Q. We were watching you outside before with the fans signing autographs and you seem to have such a great rapport with them. How big is that a factor, knowing that the fans are out there for you when you're playing your game, and number two, Tiger elaborated on it before, how tough is this course when you're not on your game? Like you said, the natural elements really rip you up here.

PHIL MICKELSON: Well, the response from the people here in New York and Long Island and everybody to the professional golfers has been exceptional, very flattering, we really enjoy playing in front of them. The people here are very sports knowledgeable and it's fun to hold championships here. I think that this golf course is going to be extremely penalizing. The rough is obviously difficult as always, but it is not as definitive a wedge-out shot. You can get a little bit greedy, try to get shots up by the green and get it close to the green and make par. But if you do that with the shaved areas, balls that are coming in hot with a lot of steam will roll off 20, 30, 40 yards away, put yourself in a very difficult spot. So recovery shots are going to be challenging.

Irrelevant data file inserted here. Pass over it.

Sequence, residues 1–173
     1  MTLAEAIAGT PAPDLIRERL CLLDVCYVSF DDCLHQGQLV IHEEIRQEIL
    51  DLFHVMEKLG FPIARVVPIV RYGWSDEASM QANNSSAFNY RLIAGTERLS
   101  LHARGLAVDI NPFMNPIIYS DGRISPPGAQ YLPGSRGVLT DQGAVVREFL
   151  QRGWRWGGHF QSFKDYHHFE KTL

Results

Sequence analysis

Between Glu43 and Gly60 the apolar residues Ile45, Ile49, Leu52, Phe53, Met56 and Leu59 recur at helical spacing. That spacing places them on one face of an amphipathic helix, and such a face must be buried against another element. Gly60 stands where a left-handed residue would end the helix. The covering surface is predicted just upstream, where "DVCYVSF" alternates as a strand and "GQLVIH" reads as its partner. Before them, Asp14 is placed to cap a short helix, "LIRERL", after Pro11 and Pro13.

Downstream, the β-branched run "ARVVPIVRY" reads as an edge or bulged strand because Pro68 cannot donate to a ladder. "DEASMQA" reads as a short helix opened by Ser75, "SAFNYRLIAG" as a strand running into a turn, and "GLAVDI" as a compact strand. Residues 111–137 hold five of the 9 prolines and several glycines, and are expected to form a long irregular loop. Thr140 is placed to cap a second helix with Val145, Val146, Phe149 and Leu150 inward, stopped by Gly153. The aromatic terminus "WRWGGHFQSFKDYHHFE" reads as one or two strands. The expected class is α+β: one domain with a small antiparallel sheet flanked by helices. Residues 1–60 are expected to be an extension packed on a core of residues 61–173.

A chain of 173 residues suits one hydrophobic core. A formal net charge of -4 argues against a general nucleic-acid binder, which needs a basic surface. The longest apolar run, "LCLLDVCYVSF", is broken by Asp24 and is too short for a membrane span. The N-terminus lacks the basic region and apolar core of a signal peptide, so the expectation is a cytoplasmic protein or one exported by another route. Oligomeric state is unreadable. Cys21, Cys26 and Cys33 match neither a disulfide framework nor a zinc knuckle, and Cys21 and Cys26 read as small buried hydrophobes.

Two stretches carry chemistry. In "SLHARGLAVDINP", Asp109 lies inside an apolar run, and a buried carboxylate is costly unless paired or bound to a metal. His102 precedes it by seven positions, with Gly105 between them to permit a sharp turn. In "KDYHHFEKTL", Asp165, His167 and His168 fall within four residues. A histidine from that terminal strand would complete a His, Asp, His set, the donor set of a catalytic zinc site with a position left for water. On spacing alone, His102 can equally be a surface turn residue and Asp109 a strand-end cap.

I think with the course being as hard and as fast as it is, I don't really have an idea what the winning score will be, but I just don't see how it can be that low if we don't get any rain. If it stays hard like this, I don't see how anybody can shoot around par.

Q. So that being said, you saw what happened at Bethpage. If the course stays this way, hard and fast and the wind picks up, does this take a lot of people out of the tournament or keep a lot more people in the tournament?